Richard Eggers was a law-abiding man. He always had been.
So one can only imagine his shock.
Mr. Eggers was 68 years old. He had been employed as a customer service representative with Wells Fargo Home Mortgage in Des Moines, Iowa. He did his job well and everyone liked him.
Then Eggers was summarily fired. His offense?
Back in 1963, when he was nineteen, Eggers inserted a fake dime into laundry machine. The local sheriff, who apparently had witnessed the crime, arrested him and he was charged with “operating a coin-changing machine by false means.” Sentenced to fifteen days in jail, Eggers served two and was released to return to college. He also paid a fifty dollar fine and the case was closed.
Until nearly a half century later.
You see, Richard Eggers wasn’t a law-abiding citizen after all – not technically. When his criminal wrong-doing finally caught up with him, his decades-old teenage prank cost him more than a dime. It cost him his job.
Wells Fargo, following an understandable outcry that went suddenly viral, stuck to its guns – and the letter of the law:
“We understand the outpouring of concern for Mr. Eggers and we want people to know that we take this matter very seriously,” the company said in a statement.
“Wells Fargo is an insured depository institution, a global bank, bound by U.S. Federal law to protect our customers and their personal financial information from someone who we know has committed an act of dishonesty or breach of trust – regardless of when the incidents occurred. It is uncomfortable, but it is a law that we have to follow. We have the responsibility to avoid hiring or continuing to employ someone who we know has a criminal record.”
This is the law – no exceptions – not even for a man reformed from his youthful “act of dishonesty”. Richard Eggers’ past may have been distant and his infraction minor but Wells Fargo’s high standards would never be breached by “someone who we know has a criminal record.”
God’s standards exceed even those of Wells Fargo Bank. He cannot tolerate sin; his eyes cannot even look upon it. His righteousness and holiness can brook no transgression – not even a kid stealing ten cents from a laundry mat fifty years ago.
The Bible is explicit: “The soul that sinneth, it shall die.” (Ezekiel 18:4, KJV). Paul tells us that we all have sinned and have fallen short of God’s unapproachable glory (Romans 3:23). He also says that God’s law – perfect and uncompromising – serves to place us and our sinful past – no matter what and when it was – under a withering indictment from which there is neither escape nor excuse. “No one can ever be made right with God by doing what the law commands. The law simply shows us how sinful we are.” (Romans 3:20, NLT).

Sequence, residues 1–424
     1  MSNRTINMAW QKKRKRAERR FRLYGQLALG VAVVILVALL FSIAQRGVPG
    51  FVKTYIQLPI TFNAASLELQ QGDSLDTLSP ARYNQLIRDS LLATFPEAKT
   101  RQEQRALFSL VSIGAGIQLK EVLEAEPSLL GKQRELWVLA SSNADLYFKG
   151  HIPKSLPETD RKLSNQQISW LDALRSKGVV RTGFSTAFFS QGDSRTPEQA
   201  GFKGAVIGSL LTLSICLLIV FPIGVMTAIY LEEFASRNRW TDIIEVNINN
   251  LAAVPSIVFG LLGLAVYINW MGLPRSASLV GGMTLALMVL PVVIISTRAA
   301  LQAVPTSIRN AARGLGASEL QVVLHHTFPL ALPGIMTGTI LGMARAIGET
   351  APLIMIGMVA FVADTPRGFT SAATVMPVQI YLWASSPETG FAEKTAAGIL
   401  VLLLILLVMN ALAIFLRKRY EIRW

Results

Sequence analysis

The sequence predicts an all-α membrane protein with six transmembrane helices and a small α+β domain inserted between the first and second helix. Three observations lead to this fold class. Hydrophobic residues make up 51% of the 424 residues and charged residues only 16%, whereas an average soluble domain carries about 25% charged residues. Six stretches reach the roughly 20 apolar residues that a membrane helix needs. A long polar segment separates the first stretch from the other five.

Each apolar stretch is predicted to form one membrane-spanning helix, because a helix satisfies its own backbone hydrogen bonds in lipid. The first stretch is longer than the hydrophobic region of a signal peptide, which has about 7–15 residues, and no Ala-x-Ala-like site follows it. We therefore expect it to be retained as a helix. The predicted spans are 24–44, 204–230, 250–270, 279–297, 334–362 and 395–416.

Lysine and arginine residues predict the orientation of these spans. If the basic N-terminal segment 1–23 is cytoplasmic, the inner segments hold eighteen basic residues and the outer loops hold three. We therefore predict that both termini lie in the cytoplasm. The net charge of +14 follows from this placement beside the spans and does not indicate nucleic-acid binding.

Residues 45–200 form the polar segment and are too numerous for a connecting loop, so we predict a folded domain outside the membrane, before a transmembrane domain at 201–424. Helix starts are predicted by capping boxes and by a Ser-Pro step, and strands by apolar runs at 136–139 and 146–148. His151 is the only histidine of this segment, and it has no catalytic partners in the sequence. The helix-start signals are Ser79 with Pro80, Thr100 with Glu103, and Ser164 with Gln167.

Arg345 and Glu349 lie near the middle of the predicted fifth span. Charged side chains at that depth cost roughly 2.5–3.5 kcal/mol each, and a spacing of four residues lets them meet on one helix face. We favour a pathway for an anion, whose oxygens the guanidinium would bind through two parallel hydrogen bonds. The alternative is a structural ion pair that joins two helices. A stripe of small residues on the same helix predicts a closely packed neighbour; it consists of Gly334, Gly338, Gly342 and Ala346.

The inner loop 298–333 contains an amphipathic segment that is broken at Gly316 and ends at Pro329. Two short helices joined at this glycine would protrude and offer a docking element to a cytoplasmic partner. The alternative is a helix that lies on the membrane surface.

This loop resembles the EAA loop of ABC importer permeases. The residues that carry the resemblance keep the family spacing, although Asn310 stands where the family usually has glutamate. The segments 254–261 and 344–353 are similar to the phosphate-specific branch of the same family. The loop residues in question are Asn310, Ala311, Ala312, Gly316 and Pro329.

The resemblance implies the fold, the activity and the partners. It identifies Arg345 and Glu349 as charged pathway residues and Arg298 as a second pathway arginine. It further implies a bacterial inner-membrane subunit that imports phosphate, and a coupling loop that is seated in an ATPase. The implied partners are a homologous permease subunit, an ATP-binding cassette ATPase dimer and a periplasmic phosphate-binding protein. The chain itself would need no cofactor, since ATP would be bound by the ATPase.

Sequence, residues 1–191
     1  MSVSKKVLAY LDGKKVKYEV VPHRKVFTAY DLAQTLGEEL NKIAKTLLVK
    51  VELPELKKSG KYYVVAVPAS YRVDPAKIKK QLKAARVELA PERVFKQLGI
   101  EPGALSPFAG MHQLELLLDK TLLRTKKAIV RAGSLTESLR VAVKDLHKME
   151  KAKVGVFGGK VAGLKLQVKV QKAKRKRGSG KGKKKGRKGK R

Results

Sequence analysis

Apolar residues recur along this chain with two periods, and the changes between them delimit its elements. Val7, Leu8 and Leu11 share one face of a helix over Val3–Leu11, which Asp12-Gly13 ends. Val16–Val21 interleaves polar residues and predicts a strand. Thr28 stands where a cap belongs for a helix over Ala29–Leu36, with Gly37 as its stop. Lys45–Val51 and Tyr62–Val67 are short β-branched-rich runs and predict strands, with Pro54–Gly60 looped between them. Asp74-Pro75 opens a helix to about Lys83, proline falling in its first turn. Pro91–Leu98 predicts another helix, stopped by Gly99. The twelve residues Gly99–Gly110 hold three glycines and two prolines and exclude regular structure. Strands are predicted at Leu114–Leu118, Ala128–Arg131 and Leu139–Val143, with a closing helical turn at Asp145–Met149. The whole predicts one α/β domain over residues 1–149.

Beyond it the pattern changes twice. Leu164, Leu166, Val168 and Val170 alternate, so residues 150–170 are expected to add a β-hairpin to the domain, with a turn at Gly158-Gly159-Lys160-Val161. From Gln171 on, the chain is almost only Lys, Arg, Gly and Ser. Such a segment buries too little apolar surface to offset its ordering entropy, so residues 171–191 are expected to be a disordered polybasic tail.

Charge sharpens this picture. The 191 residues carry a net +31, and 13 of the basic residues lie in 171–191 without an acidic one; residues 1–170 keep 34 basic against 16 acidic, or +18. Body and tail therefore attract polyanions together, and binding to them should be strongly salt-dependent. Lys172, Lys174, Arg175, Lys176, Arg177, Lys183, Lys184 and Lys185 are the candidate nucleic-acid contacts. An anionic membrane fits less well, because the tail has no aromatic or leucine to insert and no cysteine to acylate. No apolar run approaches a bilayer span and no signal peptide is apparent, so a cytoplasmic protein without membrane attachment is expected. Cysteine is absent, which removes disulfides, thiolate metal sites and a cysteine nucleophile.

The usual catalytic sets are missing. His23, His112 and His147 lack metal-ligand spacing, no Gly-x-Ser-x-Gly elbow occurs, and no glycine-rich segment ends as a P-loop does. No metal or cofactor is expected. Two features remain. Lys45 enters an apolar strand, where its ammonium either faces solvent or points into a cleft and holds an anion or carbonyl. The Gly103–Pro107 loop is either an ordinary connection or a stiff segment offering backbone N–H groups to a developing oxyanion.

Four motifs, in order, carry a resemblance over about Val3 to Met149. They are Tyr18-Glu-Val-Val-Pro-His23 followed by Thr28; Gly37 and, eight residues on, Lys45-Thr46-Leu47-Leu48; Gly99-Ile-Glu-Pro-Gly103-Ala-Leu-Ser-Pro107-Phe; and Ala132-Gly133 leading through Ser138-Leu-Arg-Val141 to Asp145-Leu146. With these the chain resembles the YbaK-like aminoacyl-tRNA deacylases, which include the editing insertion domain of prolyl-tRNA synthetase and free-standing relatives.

The scriptures are clear: the law cannot save, it can only condemn.
Yet our past need not come back to haunt us. We’ll never lose heaven because of something God will discover about the record of our lives. There is hope. When we place our faith in his Son Jesus Christ and his finished work on the cross and we trust in him to forgive the sins of our past, God does more than forgive – he forgets.
“For I will be merciful to their unrighteousness, and their sins … will I remember no more” (Hebrews 8:12, KJV).
Some people neither forgive nor forget. We can struggle also to forgive ourselves and our memories harass us. Satan is always dredging up our past and whispering condemnation, trying to rob us of peace and joy. He’ll throw up every last fake dime in our face.
In his grace, God does the opposite.
The prophets write of a God who “delights to show mercy” and who “will again have compassion on us” and “tread our sins underfoot and hurl all our iniquities into the depths of the sea.” (Micah 7:18-19, NIV).
Before his throne you are declared innocent.
God will never conduct an excavation or a background check. He knows. He forgives. He forgets. Our records are not just sealed, they’re expunged.
David wrote with confidence out of his own tragic experience with sin when he declared that God’s love is as great as heaven is high and that “as far as the east is from the west, so far hath he removed our transgressions from us.” (Psalm 103: 11-12, KJV).
Dramatically delivered from his own abundant and blotted past, Paul asks:
“Who dares accuse us who God himself has chosen for his own? No one – for God himself has given us right standing with himself. Who then will condemn us? No one – for Christ Jesus died for us and was raised to life for us, and he is sitting in the place of honor at God’s right hand, pleading for us.” (Romans 8:33-34, NLT).
Our Advocate pleads our case.
Nothing – not even a fifty year- old fake dime – can ever condemn us before the presence of a just God who remembers our sins no more.
When we come to him, confess our sin and seek his forgiveness, God clears the record.
May God bless you and your family.